Sections

Jammin’ in Jamaica

Share on TwitterTweet
Share on Facebook
Subscribe

Get our stories in your inbox, free.

Like TimesLedger on Facebook.

This year’s Jamaica Arts & Music Summer Festival promises to bring the usual selection of jazz, R&B and hip-hop that has entertained crowds for the last 14 years, but this year the event’s planners are remixing the celebration with a new twist.

Tyra Emerson, the executive director of Cultural Collaborative Jamaica, which founded and organized the show that begins Friday night, said the festival has always been about showcasing the arts and culture of southeast Queens. Since the community’s population has changed over time, the festival’s contemporary inner-city concerts and other programs also evolved to match the 21st century neighborhood.

“The stage is multicultural this year,” she said.

The festival kicks off Friday night at Rufus King Park in Jamaica with the JAMS Under the Stars concert at 6 p.m. that features “oldies but goodies” performances, Emerson said. The biggest act is a performance by Aurora Flores & Zon Del Barrio, the New York-based ensemble that mixes foot stepping, salsa and other Latin beats.

Emerson said she was pleased that the concert would include a performance by gospel singer Vy Higginsen and youth members that she helps instruct through the MAMA Foundation.

“She has her own school now and she’s going to do gospel for teens,” she said. “We’re really happy to have her.”

The concert also includes a performance by multi-generational Indian dancers from Queens. Emerson said the act not only reflects the growing South Asian population in the neighborhood, but also the increased popularity of that culture among the population.

Saturday’s main celebration will kick off with those new cultural sounds as well, with a performance from AMAN Tassa Drum Group. The South Richmond Hill-based ensemble features South Asian beats and is also a new act for the all-day celebration, according to Emerson.

The executive director and planning board worked diligently over the last couple of months to line up acts, particularly seeking up-and-coming bands in the area. Cultural Collaborative Jamaica held open auditions for this year’s JAMS and allowed online auditioning.

The use of the Internet in their planning provided Emerson and her staff with a wide variety of artists to choose from.

“We actually got a lot more than we thought. A lot of them have their stuff on Facebook and MySpace,” she said.

The event, which will take place on a 10-block stretch of Jamaica Avenue between Parsons Boulevard and 169th Street, will also use the Internet to reach fans around the world, as it will have a live Twitter stream that will allow people to follow the musical acts all day, Emerson said.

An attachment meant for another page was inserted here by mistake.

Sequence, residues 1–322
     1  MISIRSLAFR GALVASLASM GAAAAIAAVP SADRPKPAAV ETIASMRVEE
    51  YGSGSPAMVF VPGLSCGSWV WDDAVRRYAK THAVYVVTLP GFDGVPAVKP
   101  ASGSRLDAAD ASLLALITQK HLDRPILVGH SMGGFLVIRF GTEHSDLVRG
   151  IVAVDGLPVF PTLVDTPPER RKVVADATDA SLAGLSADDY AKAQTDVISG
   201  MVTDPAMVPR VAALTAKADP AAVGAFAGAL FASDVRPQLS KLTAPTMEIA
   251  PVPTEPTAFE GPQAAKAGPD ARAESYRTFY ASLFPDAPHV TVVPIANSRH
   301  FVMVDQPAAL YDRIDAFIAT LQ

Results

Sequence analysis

Aside from the tunes, JAMS will have other attractions to entertain the expected 150,000 visitors.

Rides and games will be available for children, and vendors from stores and businesses in southeast Queens will be on hand providing merchandise and food for visitors.

Although the festival is meant to entertain, Emerson said this year they are working to help instruct families on how to fight a growing problem in the community: obesity. Taking a cue from first lady Michelle Obama’s “Let’s Move” campaign, this year’s JAMS festival will have several workshops on how to eat healthy and get fit.

A chef and nutritionist will be available for visitors and offer two classes on cooking, according to Emerson.

“One is on how children can prepare meals [themselves] that are uncomplicated and healthy,” she explained. “Another one teaches families and children how to cook together.”

Emerson said that over the last 14 years, the JAMS crowd has grown and with the new acts and programs offered at this year’s celebrations, she hopes it brings in more people so they can see how culturally diverse southeast Queens is.

Reach reporter Ivan Pereira by e-mail at ipereira@cnglocal.com or by phone at 718-260-4546.

If You Go

JAMS Under the Stars

When: Friday, Aug. 6

Where: Rufus King Park, Jamaica Avenue and 153rd Street

Schedule of performers:

Welcome: 6 p.m.-6:30 p.m.

Boots-STEPPERS (Mic-Steppers Feet): 7 p.m.

Sheena Lee: 7:20 p.m.

CC Indian performers: 7:40 p.m.

MAMA Foundation-Gospel for Teens: 8:10 p.m.

Aurora Flores and Zon Del Barrio: 8:40 p.m.

JAMS Festival

Where: Jamaica Avenue between Parsons Boulevard and 169th Street

When: Aug. 7, 11 a.m.-7 p.m.

Schedule of performers:

Aman Tassa Drum Group: 11:30 a.m.

V Boys Band: 12 p.m.

Pamela Powell: 12:30 p.m.

Sheena N Vani’s Bollywood Dancers: 1 p.m.

CCC Youth Choir: 1:30 p.m.

Craig Crawford Players: 2 p.m.

Emperor Adichie African Music and Dance: 2:50 p.m.

Robbie Nova: 3:40 p.m.

Libra & Co.: 4 p.m.

Rose Royce: 4:50 p.m.

Today’s news:
Share on TwitterTweet
Share on Facebook
Subscribe

Get our stories in your inbox, free.

Like TimesLedger on Facebook.

Reader Feedback

Enter your comment below

By submitting this comment, you agree to the following terms:

You agree that you, and not TimesLedger.com or its affiliates, are fully responsible for the content that you post. You agree not to post any abusive, obscene, vulgar, slanderous, hateful, threatening or sexually-oriented material or any material that may violate applicable law; doing so may lead to the removal of your post and to your being permanently banned from posting to the site. You grant to TimesLedger.com the royalty-free, irrevocable, perpetual and fully sublicensable license to use, reproduce, modify, adapt, publish, translate, create derivative works from, distribute, perform and display such content in whole or in part world-wide and to incorporate it in other works in any form, media or technology now known or later developed.

This week’s featured advertisers

CNG: Community Newspaper Group